The Houston Department of Health and Human Services (HDHHS) is now the first health department in Texas and the second in a large U.S. city to earn national accreditation.
HDHHS announced today it achieved national accreditation through the Public Health Accreditation Board. The national accreditation program works to improve and protect the health of the public by advancing the quality and performance of the nation’s Tribal, state, local and territorial public health departments.
“We are pleased to be recognized for achieving national standards that foster effectiveness and promote continuous quality improvement,” said Stephen Williams, HDHHS director. “The accreditation process helps to ensure that the programs and services we provide are as responsive as possible to the needs of our community. With accreditation, Houston is demonstrating increased accountability and credibility to the public, funders, elected officials and partner organizations with which we work.”
The national accreditation program, jointly supported by the Centers for Disease Control and Prevention and the Robert Wood Johnson Foundation, sets standards against which the nation’s more than 3,000 governmental public health departments can continuously improve the quality of their services and performance. To receive accreditation, a health department must undergo a rigorous, multi-faceted, peer reviewed assessment process to ensure it meets or exceeds a set of quality standards and measures.
Public health departments play a critical role in protecting and improving the health of people and communities. In cities, towns, and states across the nation, health departments provide a range of services aimed at promoting healthy behaviors; preventing diseases and injuries; ensuring access to safe food, water, clean air, and life-saving immunizations; and preparing for and responding to public health emergencies.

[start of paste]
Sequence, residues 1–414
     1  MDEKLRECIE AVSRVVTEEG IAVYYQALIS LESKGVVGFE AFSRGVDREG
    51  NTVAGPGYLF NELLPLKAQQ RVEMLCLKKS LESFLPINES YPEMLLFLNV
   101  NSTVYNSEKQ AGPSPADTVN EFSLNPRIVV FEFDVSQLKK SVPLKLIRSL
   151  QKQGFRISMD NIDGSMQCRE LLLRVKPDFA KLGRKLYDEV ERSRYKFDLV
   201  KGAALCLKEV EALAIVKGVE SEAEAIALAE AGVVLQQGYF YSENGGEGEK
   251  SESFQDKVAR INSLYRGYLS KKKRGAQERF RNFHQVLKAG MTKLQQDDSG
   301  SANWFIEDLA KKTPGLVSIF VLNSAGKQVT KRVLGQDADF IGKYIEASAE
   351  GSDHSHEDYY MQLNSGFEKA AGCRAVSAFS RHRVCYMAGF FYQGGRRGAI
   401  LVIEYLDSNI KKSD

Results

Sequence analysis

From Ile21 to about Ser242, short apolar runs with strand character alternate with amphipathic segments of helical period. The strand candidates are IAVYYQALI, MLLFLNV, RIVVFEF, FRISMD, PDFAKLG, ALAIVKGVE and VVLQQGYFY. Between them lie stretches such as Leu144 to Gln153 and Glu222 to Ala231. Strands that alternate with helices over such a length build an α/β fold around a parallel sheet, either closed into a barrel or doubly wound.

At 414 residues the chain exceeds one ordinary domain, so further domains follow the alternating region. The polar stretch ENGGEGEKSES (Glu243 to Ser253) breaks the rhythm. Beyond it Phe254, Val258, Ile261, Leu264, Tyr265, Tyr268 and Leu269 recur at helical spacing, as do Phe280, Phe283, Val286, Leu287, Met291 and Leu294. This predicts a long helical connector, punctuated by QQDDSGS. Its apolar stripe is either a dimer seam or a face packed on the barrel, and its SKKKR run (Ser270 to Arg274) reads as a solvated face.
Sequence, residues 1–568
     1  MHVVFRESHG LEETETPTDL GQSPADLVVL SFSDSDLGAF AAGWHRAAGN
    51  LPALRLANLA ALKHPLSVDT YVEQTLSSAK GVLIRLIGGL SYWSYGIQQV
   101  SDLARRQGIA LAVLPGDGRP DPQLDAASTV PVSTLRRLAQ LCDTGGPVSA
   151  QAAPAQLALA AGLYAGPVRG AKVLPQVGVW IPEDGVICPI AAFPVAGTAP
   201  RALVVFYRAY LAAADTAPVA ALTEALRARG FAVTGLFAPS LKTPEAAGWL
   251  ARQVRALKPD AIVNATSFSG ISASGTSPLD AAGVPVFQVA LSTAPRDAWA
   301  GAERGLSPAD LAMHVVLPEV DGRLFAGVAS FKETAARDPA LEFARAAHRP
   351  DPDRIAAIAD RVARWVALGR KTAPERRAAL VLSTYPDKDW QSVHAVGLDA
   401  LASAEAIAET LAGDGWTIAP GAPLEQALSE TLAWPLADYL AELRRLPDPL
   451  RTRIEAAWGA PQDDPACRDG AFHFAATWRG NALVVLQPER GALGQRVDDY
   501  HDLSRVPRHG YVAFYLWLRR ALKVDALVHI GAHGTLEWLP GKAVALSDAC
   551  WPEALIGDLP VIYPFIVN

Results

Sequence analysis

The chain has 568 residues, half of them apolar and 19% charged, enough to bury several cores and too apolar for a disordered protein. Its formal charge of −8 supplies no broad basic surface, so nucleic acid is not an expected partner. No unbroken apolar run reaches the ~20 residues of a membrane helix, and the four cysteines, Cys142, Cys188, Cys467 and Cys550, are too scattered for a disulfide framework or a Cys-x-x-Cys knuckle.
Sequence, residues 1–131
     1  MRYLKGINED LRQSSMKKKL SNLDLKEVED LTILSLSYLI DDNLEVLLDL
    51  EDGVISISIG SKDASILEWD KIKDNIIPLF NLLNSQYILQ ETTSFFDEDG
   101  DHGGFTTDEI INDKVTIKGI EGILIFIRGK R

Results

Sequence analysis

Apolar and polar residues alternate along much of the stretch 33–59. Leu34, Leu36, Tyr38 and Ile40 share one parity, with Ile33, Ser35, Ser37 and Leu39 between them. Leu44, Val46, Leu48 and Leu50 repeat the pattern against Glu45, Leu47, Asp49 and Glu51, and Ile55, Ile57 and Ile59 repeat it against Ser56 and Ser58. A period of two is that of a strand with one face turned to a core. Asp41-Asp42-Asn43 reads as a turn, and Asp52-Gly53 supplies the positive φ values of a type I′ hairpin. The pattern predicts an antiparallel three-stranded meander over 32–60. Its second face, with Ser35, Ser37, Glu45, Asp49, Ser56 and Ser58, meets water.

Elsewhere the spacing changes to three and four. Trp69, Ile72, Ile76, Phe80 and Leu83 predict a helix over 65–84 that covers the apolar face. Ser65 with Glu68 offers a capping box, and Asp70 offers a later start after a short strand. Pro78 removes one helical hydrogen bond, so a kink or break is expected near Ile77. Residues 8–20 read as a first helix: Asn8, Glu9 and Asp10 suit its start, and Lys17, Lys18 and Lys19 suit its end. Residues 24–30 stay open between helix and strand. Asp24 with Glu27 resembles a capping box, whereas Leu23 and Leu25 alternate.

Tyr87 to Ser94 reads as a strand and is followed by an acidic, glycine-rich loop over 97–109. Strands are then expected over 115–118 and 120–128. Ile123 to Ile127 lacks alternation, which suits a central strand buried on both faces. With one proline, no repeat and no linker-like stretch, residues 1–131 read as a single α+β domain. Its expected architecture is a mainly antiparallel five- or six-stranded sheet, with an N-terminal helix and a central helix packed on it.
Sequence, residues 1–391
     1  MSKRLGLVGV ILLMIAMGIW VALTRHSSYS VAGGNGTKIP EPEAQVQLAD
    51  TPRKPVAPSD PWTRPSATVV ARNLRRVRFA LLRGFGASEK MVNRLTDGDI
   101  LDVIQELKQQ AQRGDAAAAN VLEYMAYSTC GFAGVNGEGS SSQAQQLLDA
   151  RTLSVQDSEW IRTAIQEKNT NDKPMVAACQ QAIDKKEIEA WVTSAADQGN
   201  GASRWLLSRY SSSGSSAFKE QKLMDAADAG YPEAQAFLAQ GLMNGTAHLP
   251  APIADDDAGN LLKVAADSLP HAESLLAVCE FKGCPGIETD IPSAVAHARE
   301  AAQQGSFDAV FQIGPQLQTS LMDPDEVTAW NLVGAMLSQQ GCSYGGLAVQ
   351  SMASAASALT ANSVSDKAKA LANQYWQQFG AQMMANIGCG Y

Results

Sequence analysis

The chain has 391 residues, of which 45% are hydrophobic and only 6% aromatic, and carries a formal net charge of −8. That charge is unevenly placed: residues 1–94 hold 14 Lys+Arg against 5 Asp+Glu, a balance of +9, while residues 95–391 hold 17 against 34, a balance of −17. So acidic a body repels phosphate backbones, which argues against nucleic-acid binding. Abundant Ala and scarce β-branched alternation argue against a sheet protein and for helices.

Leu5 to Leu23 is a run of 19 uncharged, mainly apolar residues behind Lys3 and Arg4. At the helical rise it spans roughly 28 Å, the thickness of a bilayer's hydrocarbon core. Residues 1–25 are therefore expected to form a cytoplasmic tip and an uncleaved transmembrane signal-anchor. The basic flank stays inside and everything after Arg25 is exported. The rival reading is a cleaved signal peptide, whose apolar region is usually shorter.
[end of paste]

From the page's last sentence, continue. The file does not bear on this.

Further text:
HDHHS is a full service public health department providing environmental regulation, food protection, services and nutrition for seniors, clinical services for certain communicable diseases, WIC and family planning. HDHHS also manages four health centers, 11 multi-service centers and provides a variety of human services throughout the city.
“The Houston Health Department joins the growing ranks of accredited health departments in a strong commitment to their public health mission,” said PHAB President and CEO Kaye Bender, PhD, RN, FAAN. “The peer-review process provides valuable feedback to inform health departments of their strengths and areas for improvement, so that they can better protect and promote the health of the people they serve in their communities. Residents of a community served by a nationally accredited health department can be assured that their health department has demonstrated the capacity to protect and promote the health of that community.”
The national accreditation program was created collaboratively over a 10-year period by hundreds of public health practitioners working at the national, Tribal, state, and local levels. Since the program’s launch in September 2011, hundreds of public health departments have applied to PHAB for accreditation, and hundreds of public health practitioners from across the nation have been trained to serve as volunteer peer site visitors for the program.